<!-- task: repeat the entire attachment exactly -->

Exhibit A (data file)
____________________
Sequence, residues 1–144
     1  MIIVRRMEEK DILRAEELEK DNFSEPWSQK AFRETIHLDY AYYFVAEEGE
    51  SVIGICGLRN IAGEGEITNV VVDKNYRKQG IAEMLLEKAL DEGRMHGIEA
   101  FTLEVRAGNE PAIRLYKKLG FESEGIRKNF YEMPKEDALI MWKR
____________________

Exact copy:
Sequence, residues 1–144
     1  MIIVRRMEEK DILRAEELEK DNFSEPWSQK AFRETIHLDY AYYFVAEEGE
    51  SVIGICGLRN IAGEGEITNV VVDKNYRKQG IAEMLLEKAL DEGRMHGIEA
   101  FTLEVRAGNE PAIRLYKKLG FESEGIRKNF YEMPKEDALI MWKR